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Today we'll look at Chesapeake Energy Corporation (NYSE:CHK) and reflect on its potential as an investment. Specifically, we'll consider its Return On Capital Employed (ROCE), since that will give us an insight into how efficiently the business can generate profits from the capital it requires.
First up, we'll look at what ROCE is and how we calculate it. Second, we'll look at its ROCE compared to similar companies. And finally, we'll look at how its current liabilities are impacting its ROCE.
Understanding Return On Capital Employed (ROCE)
ROCE is a metric for evaluating how much pre-tax income (in percentage terms) a company earns on the capital invested in its business. In general, businesses with a higher ROCE are usually better quality. Overall, it is a valuable metric that has its flaws. Author Edwin Whiting says to be careful when comparing the ROCE of different businesses, since 'No two businesses are exactly alike.'
So, How Do We Calculate ROCE?
The formula for calculating the return on capital employed is:
Return on Capital Employed = Earnings Before Interest and Tax (EBIT) ÷ (Total Assets - Current Liabilities)
Or for Chesapeake Energy:
0.099 = US$1.4b ÷ (US$17b - US$2.9b) (Based on the trailing twelve months to March 2019.)
Therefore, Chesapeake Energy has an ROCE of 9.9%.
Does Chesapeake Energy Have A Good ROCE?
When making comparisons between similar businesses, investors may find ROCE useful. In our analysis, Chesapeake Energy's ROCE is meaningfully higher than the 7.4% average in the Oil and Gas industry. I think that's good to see, since it implies the company is better than other companies at making the most of its capital. Aside from the industry comparison, Chesapeake Energy's ROCE is mediocre in absolute terms, considering the risk of investing in stocks versus the safety of a bank account. It is possible that there are more rewarding investments out there.
Chesapeake Energy has an ROCE of 9.9%, but it didn't have an ROCE 3 years ago, since it was unprofitable. That implies the business has been improving. The image below shows how Chesapeake Energy's ROCE compares to its industry, and you can click it to see more detail on its past growth.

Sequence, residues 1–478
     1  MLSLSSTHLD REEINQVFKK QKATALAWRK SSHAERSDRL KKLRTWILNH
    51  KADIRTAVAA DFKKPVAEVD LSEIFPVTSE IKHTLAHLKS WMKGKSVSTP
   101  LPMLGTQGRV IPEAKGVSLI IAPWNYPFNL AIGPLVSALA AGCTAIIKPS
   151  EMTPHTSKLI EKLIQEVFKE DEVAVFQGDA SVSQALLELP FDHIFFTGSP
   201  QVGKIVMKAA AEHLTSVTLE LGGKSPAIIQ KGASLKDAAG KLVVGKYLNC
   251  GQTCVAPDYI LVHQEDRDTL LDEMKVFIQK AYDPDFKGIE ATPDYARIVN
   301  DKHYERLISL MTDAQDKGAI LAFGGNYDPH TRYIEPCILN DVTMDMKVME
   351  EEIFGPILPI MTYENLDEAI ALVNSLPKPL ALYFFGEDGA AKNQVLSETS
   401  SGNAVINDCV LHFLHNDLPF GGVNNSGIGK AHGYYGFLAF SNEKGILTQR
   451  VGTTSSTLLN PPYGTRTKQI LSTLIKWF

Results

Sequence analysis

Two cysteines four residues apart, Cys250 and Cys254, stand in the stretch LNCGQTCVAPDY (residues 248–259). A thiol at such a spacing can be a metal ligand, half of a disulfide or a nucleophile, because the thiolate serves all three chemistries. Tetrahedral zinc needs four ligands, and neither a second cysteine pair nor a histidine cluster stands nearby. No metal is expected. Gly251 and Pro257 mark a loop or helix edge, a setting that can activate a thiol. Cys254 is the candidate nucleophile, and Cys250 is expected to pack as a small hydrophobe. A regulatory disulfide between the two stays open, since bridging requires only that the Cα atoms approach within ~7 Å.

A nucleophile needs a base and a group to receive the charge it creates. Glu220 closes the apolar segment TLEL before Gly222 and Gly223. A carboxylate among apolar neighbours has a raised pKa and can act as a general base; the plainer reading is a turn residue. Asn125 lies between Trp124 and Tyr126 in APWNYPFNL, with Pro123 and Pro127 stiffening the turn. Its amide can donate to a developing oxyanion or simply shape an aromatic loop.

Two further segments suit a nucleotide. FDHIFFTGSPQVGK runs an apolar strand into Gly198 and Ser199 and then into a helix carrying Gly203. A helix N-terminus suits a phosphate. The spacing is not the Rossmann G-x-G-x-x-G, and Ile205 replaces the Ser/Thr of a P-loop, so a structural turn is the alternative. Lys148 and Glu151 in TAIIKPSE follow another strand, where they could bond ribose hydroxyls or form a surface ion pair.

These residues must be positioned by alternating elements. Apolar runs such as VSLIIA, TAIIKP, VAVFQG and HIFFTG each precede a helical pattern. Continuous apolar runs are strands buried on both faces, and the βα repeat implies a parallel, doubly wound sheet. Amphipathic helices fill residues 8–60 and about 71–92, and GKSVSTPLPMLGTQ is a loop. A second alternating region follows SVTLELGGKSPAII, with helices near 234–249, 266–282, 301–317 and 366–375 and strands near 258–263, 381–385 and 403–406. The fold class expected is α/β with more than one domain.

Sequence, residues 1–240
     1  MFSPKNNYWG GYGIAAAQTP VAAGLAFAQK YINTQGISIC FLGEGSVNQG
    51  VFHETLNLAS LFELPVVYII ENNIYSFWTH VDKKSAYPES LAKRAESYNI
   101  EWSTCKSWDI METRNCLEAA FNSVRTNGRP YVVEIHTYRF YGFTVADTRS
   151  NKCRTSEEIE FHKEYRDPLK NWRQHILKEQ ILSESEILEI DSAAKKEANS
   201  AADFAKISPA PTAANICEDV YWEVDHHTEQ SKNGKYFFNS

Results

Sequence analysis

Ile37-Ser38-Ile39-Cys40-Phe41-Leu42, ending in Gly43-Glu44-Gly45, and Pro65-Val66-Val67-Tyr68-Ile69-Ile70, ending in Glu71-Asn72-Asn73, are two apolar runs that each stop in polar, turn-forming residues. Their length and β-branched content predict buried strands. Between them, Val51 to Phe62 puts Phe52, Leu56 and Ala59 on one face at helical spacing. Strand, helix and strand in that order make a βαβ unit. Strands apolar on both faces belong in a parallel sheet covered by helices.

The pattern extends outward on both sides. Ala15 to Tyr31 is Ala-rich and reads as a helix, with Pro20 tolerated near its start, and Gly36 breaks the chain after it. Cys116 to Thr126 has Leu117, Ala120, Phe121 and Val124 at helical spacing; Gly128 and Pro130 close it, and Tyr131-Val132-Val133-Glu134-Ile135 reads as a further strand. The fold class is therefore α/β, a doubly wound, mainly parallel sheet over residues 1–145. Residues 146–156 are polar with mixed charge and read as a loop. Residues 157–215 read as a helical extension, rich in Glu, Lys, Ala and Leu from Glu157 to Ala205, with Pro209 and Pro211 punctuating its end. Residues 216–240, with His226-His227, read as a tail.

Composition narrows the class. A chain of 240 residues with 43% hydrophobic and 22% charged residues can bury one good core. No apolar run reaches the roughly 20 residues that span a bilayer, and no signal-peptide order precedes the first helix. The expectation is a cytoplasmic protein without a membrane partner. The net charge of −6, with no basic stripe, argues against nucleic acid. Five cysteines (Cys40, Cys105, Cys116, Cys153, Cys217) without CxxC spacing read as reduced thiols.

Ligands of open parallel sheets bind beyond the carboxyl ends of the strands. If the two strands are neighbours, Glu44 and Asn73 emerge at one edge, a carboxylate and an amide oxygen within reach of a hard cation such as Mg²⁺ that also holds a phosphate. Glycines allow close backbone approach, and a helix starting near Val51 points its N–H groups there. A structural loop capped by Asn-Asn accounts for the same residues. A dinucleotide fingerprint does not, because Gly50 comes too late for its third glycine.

When considering ROCE, bear in mind that it reflects the past and does not necessarily predict the future. ROCE can be misleading for companies in cyclical industries, with returns looking impressive during the boom times, but very weak during the busts. This is because ROCE only looks at one year, instead of considering returns across a whole cycle. We note Chesapeake Energy could be considered a cyclical business. Since the future is so important for investors, you should check out our free report on analyst forecasts for Chesapeake Energy.
How Chesapeake Energy's Current Liabilities Impact Its ROCE
Short term (or current) liabilities, are things like supplier invoices, overdrafts, or tax bills that need to be paid within 12 months. Due to the way the ROCE equation works, having large bills due in the near term can make it look as though a company has less capital employed, and thus a higher ROCE than usual. To counter this, investors can check if a company has high current liabilities relative to total assets.
Chesapeake Energy has total liabilities of US$2.9b and total assets of US$17b. As a result, its current liabilities are equal to approximately 18% of its total assets. This is a modest level of current liabilities, which would only have a small effect on ROCE.
The Bottom Line On Chesapeake Energy's ROCE
With that in mind, we're not overly impressed with Chesapeake Energy's ROCE, so it may not be the most appealing prospect. Of course, you might also be able to find a better stock than Chesapeake Energy. So you may wish to see this free collection of other companies that have grown earnings strongly.
If you like to buy stocks alongside management, then you might just love this free list of companies. (Hint: insiders have been buying them).
We aim to bring you long-term focused research analysis driven by fundamental data. Note that our analysis may not factor in the latest price-sensitive company announcements or qualitative material.
If you spot an error that warrants correction, please contact the editor at firstname.lastname@example.org. This article by Simply Wall St is general in nature. It does not constitute a recommendation to buy or sell any stock, and does not take account of your objectives, or your financial situation. Simply Wall St has no position in the stocks mentioned. Thank you for reading.